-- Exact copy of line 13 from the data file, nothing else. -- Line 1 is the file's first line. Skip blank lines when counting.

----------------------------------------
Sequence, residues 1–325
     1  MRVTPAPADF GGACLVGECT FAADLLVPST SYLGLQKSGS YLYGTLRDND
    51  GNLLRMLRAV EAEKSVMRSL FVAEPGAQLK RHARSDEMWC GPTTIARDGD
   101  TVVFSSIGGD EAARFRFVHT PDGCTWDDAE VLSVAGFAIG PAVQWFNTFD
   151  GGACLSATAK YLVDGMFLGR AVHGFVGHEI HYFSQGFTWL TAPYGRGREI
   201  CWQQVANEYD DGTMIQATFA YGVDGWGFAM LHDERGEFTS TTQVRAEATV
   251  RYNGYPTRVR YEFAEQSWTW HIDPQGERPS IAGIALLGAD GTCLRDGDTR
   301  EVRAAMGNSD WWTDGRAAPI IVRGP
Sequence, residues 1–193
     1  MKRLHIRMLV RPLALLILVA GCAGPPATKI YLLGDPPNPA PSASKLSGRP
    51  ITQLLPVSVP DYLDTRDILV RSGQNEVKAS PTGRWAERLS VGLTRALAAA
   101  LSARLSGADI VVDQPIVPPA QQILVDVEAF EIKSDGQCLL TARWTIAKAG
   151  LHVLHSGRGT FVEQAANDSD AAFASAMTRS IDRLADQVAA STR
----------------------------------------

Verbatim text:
   151  LHVLHSGRGT FVEQAANDSD AAFASAMTRS IDRLADQVAA STR